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Views On The News: Syria

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Views On The News: Syria

In this new programme, a group of volunteers reflect on the conflict in Syria. Focussing on the arguments for and against Western intervention, blogger and commentator on the Middle East Karl Sharro answers critical questions with great insight. As the demand that ‘something must be done’ intensifies, Karl provides us with the understanding and principles needed to keep a cool head and examine what’s really going on.

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Related topics: Democracy, International

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WORLDbytes – The School of Citizen TV » The View on the Streets: Syria said:

[...] WORLDbytes Video Views on the News: Syria [...]

Andrew said:

This is brilliant insight on what’s happening in Syria at the moment. A lot of people were skeptical about western intervention because of what has happened in places like Iraq. However, I find it difficult to say that the west shouldn’t intervene after the massacres of many innocent men,women and children.

Kelly Richards said:

The problem is emotionalism, it is winning and it is very dangerous. Good expose and needed I will certainly pass it on. Thank you for informing me of this video.

Gill said:

So the message on Syria from humanists is butt out…hmmm…that is harsh and a bit grim..we are so well equipped here to DO something…you have made me quastion my concern and Western motivation for sure but I’m not sure I’m convinced. We may all be similarly capable of fighting our own battles I agree but we don’t all have the same big guns to do it.

Elaine Norton said:

It really does sound so inhuman to say don’t intervene now but I get his points and I can see he does care so I’m struggling with this.

jenny pindas said:

The massacres have changed things though, a lot of people were sceptical about intervention because of Iraq and Afghanistan and from a pro ‘our boys’ perspective- lots of people against it and the government against it. Now that is all changed and its gung ho again- our leaders seem to get on their intervention horses as soon as blood spilling gets nasty as it does in civil war- and yet they don’t have a problem with spilling it if they do it and making things so much worse- their tears and concern seem very disingenuous to me.

Bran said:

Absolutely brilliant insight on what’s happening in Syria. Clarified a lot of things for me. UN peace deal is very predictable: set out a proposal for peace that has little to do with what’s actually going on in the country and conflict, no-one agrees, then everyone starts talking about military intervention. This programme critiques both the UN peace process as well as the calls for intervention with great political insight. Highly recommended watch. Like Karl’s blog too!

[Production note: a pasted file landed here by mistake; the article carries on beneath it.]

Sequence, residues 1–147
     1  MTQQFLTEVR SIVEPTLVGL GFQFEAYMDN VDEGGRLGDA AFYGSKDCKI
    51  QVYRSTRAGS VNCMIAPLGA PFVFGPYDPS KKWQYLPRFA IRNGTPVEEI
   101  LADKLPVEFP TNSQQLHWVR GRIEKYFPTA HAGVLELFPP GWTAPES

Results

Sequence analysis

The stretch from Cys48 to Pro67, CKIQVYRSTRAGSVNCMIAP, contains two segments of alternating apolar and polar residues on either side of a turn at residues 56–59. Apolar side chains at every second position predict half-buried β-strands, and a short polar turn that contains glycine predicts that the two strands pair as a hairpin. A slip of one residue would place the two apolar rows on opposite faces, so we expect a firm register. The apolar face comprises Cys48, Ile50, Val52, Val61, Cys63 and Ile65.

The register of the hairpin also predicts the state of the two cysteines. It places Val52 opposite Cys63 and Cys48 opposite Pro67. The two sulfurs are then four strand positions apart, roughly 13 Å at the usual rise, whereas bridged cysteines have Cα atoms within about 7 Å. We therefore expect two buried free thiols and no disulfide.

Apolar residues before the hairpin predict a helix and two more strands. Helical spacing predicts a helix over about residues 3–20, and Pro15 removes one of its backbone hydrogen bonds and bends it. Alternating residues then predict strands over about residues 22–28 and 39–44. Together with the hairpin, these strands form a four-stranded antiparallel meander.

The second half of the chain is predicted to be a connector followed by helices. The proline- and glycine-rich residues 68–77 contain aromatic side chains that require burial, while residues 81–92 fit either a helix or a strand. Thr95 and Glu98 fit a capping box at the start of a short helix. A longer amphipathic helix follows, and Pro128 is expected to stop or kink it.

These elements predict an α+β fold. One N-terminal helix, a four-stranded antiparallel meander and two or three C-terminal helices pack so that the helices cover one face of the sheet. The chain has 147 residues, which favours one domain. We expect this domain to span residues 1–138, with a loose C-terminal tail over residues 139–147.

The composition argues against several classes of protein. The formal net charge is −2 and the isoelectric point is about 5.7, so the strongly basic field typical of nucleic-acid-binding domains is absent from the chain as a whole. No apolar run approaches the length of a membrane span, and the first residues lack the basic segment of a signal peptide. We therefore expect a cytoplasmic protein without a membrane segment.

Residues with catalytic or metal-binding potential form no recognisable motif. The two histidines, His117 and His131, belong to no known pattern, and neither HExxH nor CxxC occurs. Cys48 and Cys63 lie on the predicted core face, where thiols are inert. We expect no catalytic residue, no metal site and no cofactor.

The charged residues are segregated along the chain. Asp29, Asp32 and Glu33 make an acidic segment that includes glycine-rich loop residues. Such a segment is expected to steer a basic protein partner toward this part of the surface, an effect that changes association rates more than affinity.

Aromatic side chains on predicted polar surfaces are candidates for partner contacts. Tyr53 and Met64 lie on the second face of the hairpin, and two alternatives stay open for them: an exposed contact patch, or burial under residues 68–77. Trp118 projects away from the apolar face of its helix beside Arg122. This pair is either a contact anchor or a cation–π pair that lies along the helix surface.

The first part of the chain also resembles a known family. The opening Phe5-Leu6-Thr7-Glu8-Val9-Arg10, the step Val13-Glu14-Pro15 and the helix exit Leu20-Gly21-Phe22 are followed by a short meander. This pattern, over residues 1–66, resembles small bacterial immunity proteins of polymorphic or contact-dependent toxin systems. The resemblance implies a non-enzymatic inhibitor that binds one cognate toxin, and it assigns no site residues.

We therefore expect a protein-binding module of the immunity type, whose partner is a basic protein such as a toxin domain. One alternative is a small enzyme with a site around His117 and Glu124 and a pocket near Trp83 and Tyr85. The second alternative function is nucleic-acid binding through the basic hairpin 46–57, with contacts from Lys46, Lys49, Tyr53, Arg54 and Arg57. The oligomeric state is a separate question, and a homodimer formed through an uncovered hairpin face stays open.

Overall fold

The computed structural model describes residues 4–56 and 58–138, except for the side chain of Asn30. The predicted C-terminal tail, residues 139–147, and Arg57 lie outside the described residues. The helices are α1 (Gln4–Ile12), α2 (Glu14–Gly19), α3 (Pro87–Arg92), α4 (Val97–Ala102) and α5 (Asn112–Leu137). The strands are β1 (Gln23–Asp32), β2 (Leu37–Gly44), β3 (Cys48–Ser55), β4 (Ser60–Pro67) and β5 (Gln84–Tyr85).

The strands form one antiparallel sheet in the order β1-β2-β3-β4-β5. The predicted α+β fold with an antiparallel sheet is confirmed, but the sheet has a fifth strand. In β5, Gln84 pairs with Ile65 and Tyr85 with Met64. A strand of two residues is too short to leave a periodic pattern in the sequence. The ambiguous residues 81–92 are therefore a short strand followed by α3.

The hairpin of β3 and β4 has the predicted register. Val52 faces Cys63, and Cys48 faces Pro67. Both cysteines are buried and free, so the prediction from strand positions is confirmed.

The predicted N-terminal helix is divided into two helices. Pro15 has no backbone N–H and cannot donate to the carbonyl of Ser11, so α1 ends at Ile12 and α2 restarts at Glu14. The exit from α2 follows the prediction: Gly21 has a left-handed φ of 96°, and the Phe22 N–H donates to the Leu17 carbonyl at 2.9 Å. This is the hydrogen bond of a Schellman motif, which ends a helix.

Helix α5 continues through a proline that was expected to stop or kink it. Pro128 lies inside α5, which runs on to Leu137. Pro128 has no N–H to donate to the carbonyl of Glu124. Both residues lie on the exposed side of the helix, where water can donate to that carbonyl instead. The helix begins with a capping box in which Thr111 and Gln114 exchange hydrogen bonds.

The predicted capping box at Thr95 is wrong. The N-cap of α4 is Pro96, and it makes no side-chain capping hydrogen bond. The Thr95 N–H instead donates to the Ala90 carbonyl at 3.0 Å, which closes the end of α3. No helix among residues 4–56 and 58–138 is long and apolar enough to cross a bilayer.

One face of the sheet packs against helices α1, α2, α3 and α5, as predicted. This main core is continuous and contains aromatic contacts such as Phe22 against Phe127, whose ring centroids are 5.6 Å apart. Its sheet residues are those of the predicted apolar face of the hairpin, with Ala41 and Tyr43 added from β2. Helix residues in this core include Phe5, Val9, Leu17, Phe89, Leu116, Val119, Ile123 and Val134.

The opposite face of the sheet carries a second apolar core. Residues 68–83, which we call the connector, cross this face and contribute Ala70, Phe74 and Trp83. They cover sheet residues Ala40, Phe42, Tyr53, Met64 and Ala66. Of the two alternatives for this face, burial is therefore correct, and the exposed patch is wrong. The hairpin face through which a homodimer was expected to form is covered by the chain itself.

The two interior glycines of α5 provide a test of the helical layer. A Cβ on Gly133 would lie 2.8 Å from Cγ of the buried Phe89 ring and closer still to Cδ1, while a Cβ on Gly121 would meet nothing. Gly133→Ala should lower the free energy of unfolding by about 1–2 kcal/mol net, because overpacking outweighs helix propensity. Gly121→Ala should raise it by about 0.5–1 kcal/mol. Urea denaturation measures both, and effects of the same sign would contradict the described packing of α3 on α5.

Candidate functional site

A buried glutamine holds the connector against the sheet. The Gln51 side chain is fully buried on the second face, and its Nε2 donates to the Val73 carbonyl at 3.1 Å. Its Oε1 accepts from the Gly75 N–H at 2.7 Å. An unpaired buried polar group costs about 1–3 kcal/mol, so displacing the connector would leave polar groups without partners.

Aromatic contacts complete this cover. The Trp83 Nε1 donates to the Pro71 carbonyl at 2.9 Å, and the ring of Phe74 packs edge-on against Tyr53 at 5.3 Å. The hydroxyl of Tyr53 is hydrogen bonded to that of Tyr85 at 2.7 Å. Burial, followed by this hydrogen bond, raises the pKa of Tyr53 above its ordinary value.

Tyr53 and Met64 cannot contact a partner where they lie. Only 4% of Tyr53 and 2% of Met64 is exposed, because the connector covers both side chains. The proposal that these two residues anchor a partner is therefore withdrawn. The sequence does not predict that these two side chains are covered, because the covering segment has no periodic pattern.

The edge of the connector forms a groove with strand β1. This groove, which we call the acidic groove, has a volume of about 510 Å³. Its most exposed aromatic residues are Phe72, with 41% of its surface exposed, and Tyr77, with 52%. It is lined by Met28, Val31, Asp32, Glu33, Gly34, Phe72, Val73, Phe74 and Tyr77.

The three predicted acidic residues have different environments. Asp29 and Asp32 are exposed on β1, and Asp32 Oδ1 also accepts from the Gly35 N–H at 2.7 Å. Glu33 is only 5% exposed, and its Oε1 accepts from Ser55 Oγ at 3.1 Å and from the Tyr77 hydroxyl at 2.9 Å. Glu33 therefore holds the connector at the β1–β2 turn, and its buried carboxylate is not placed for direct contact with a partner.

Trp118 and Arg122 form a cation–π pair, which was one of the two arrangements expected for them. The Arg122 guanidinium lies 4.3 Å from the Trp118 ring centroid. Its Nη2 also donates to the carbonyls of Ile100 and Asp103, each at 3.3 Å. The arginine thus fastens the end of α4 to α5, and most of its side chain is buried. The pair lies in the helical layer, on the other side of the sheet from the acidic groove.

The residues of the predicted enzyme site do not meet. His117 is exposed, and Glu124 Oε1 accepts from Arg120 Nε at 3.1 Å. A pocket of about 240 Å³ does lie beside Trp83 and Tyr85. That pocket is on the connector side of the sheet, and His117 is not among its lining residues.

Carol said:

Very informative. Has answered a lot questions I had floating around in my head. To be honest, I don’t understand everything Karl spoke about, but I think this is the sort of programme that I can watch many times and each time I’ll understand a bit more…which is a good thing.

Kayla said:

How refreshing is this! All the volunteers raise questions that are on all our minds and Karl does such a good job in getting to the heart of each issues raised. It has left me with more questions, like what is the line for journalists who wants to seek and write about the truth with opinions. Do they just have to be a blank slate, no, as where would the anaylsis be? But on the other hand agree that a lot of journalism is weighted with so much assumptions and their own take on things. How do we do this?

Sarah Kelly said:

Very professional format again-well done WORLDbytes, on content it raises ever more questions for me- I want to know why and how- like the Spanish Civil war example at the end- we can’t reinvent a true internationalism- I’m not old but even writing that I feel old fashioned.

Zara Trinstan said:

I found this really informative and will re-think my emotional response to the horrors we keep seeing- but it will be hard to do.

John O said:

very watchable and informed- found the point on anthropology compelling as this is rarely said ie universalism versus particularism but thats not a justification for intervention or the ‘responsibility to protect’ idea which wreaks of paternalism.

Ishtar A said:

Some of those questions completely ignore the wishes and capabilities of the Syrian people to try to shape and control their own destiny. Is it something they put in the water in Western countries?

Farah said:

I’m glad you put this up again I watched it first time but there were few people calling for military intervention then, now everyone is at it i think Sharro’s points are even more important now but it is more difficult to argue against intervention after the massacres.

Michaelangelo S said:

It takes keen-eyed observer of middle-eastern affairs Karl Sharro to unravel, answer and explain people’s questions on the still-unfolding crisis in Syria. Questioning the underlying assumptions behind the alarming headlines seems to point some way forward.